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February 2, 2021
by Patricia Tomasi

How Do Teens React When They See Their Immigrant Peers Being Bullied?

February 2, 2021 08:00 by Patricia Tomasi  [About the Author]

A new study published in the Journal of Child Development looked at how non-immigrant children respond when immigrant children are bullied.

"This study examined how adolescents react to bias-based bullying of immigrant and non-immigrant peers," study author, Secil Gonultas told us. "We were interested in learning more about when and why adolescents are willing to intervene when they see others being bullied. As immigrant youth are especially likely to be victimized by bullies, we were also interested in understanding if adolescents are equally likely to want to help immigrant and non-immigrant victims."

Gonultas and fellow study author, Kelly Lynn Mulvey were hoping to identify new directions for interventions to stop bullying and empower bystanders to help victims. They focused on prejudice and discrimination, and theory of mind (being able to take others’ perspectives). They also hoped to learn if intergroup contact—spending time with peers who are immigrants—would help adolescents understand the importance of standing up for immigrant victims.

"We thought adolescents would be more likely to want to help victims who shared their background (immigrant or non-immigrant)," Mulvey told us. "We also thought that adolescents with better theory of mind would be more likely to say they would do something if they saw someone being bullied. We thought those who reported that they knew and spent time with more peers from immigrant backgrounds would be more likely to want to help as well."

Bullying is so pervasive in schools around the world explained Mulvey. Immigrant youth are often targets of bullying because of prejudice and discrimination. One of the ways to reduce bullying is how bystander peers who see bias-based bullying of immigrant youth respond to bullying. 

"We specifically wanted to understand bystander responses because we know that bystanders are so effective in reducing bullying if they actively intervene." Mulvey told us.

For the study, middle and high school students completed a survey. They read stories about bullying and indicated how they would respond and why. In general, adolescents said that bullying was wrong and that they wanted to help the victim. 

"This is exciting news and suggests that we can look to develop programs to help them learn how to support the victim," Gonultas told us. "But we also found that your background matters. Youth who were from immigrant backgrounds were more likely to say that bullying of immigrants was wrong and to say they would support the victim than those who did not have an immigrant background. We found that if adolescents have more contact with immigrants (for instance, going to school together or living in the same neighborhoods) and if they have less prejudice and discrimination towards immigrants, they were more likely to help victims who were immigrants. Lastly, we found that being able to put yourself in someone else’s shoes (theory of mind) really helped—youth with better theory of mind were more likely to want to help victims."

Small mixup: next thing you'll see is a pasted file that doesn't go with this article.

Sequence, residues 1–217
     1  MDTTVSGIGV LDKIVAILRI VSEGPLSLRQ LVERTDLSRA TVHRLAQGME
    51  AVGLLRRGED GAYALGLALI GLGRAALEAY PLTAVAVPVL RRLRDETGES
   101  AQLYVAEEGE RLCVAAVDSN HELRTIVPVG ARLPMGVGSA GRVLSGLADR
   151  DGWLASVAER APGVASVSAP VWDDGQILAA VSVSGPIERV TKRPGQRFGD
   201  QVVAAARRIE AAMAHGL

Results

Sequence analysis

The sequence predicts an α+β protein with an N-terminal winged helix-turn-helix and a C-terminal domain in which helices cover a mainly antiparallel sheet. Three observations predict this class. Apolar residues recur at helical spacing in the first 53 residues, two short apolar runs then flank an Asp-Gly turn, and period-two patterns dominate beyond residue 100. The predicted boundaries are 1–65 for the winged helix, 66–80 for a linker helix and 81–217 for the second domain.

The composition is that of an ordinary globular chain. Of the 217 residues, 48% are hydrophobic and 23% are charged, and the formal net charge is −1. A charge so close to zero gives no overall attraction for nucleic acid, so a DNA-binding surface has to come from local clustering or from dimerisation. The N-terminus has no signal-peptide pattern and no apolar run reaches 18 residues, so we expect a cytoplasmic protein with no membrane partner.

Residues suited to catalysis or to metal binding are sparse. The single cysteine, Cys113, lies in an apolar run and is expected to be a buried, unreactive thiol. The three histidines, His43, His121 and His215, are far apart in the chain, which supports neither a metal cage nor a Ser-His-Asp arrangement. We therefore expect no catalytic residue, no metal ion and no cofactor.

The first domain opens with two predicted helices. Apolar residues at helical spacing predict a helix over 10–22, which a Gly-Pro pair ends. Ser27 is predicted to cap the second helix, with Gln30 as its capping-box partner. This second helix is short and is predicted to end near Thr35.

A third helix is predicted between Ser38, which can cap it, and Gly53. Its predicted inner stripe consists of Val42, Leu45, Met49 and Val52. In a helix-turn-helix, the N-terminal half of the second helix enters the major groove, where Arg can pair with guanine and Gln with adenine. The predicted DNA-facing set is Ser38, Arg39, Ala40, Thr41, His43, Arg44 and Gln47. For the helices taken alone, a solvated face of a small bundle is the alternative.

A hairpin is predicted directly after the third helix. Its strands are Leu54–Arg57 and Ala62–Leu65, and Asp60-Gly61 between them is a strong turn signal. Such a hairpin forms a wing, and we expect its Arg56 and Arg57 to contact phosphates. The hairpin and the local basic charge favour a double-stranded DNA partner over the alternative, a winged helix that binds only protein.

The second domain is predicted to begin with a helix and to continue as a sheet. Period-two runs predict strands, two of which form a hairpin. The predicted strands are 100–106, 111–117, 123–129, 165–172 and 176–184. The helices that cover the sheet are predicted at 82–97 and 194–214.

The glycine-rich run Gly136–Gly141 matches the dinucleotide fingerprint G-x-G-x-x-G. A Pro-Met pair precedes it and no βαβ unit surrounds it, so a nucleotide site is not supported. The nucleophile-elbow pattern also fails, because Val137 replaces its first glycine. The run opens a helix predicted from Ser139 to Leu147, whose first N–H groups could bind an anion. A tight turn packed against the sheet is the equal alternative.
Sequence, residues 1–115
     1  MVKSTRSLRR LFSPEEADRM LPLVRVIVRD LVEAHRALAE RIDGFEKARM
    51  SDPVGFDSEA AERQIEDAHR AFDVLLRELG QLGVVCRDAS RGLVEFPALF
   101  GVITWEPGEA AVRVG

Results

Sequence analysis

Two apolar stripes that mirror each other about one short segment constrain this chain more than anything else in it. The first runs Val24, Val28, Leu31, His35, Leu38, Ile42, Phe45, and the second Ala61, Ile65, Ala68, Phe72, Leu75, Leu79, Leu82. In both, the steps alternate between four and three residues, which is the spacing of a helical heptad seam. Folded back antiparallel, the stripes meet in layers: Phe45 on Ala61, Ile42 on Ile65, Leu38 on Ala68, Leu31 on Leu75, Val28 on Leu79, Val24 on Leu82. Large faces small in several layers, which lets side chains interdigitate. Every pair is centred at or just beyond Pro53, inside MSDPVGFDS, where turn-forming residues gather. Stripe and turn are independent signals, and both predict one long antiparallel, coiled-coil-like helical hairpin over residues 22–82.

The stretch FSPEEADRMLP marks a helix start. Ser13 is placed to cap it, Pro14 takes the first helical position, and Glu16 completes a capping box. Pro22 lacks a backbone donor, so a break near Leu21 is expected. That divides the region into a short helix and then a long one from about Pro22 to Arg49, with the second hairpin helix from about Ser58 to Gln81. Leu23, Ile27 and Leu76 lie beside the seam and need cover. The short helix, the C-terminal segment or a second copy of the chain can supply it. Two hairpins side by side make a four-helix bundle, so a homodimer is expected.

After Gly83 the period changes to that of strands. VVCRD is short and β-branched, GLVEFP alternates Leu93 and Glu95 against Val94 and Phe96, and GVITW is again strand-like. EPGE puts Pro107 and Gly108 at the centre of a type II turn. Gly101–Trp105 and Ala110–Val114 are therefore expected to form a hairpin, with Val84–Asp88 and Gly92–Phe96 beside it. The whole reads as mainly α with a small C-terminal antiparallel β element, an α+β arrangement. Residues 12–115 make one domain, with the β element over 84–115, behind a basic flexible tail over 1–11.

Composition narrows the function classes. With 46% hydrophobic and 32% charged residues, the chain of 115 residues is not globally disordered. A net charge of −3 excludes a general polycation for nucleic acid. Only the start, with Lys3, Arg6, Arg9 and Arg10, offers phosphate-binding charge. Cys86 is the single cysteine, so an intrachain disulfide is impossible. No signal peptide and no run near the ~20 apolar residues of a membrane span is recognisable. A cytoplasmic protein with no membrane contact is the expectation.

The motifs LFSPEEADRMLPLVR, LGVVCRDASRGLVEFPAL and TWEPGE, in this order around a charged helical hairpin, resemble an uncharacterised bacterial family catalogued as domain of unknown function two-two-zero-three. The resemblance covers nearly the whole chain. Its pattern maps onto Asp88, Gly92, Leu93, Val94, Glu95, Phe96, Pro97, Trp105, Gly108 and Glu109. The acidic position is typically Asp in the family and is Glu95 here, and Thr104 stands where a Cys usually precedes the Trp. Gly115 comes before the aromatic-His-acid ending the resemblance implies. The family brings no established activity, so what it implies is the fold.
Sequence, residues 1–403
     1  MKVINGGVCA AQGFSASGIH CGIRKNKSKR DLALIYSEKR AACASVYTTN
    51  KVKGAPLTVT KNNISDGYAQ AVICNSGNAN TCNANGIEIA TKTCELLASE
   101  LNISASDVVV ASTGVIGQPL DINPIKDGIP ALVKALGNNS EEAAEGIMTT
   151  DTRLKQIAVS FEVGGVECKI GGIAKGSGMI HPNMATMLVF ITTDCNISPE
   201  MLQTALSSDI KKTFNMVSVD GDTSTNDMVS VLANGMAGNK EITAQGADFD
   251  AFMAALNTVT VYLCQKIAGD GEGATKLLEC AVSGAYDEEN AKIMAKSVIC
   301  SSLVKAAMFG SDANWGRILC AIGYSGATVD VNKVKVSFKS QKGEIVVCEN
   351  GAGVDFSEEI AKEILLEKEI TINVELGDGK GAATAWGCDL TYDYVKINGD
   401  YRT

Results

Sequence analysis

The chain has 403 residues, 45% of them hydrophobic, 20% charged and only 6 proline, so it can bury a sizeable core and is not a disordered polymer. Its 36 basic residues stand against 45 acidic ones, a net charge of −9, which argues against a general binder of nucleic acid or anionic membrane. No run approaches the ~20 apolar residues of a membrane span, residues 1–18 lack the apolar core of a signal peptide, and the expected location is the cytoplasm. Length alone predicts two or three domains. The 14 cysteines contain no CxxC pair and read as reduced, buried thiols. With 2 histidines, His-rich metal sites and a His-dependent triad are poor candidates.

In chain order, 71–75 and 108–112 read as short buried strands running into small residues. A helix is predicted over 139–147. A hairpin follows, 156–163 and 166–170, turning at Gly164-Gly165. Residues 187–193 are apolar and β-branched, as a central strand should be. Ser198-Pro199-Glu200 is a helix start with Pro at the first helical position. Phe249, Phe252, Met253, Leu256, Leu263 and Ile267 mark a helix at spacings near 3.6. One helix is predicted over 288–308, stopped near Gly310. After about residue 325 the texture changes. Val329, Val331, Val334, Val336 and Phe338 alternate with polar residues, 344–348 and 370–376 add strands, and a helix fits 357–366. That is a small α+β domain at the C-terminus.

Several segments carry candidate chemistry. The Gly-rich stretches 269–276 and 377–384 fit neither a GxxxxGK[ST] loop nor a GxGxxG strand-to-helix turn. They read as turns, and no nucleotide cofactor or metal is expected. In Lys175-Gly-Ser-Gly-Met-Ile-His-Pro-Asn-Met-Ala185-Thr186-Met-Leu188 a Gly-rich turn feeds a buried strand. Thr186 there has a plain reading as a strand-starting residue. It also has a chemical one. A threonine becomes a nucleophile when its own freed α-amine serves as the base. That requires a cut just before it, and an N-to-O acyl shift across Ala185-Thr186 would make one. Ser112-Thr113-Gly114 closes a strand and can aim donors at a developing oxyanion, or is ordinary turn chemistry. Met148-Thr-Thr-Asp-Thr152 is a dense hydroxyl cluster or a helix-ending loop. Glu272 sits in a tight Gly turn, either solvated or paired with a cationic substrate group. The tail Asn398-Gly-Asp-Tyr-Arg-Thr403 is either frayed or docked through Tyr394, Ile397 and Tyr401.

Gonultas said they were surprised and pleased that youth, in general, recognize how harmful bullying is. As bullying is still quite common, though, this suggests that there is still a lot of work to be done to help teens feel empowered to stand up to stop bullying.

"We think new school anti-bullying programs should consider the diversity in schools and should address improving intergroup attitudes and opportunities for intergroup contact between students from different backgrounds," Gonultas told us. "Further, another piece of the puzzle to encourage bystanders to be upstanders for bullying is to help youth take others’ perspectives. Overall, our study provides implications to develop future intervention programs to create welcoming and safe social environments for all children and adolescents."

The study also has implications for teachers, practitioners, and policymakers striving to promote harmonious intergroup relations across adolescence in social settings.

About the Author

Patricia Tomasi

Patricia Tomasi is a mom, maternal mental health advocate, journalist, and speaker. She writes regularly for the Huffington Post Canada, focusing primarily on maternal mental health after suffering from severe postpartum anxiety twice. You can find her Huffington Post biography here. Patricia is also a Patient Expert Advisor for the North American-based, Maternal Mental Health Research Collective and is the founder of the online peer support group - Facebook Postpartum Depression & Anxiety Support Group - with over 1500 members worldwide. Blog:

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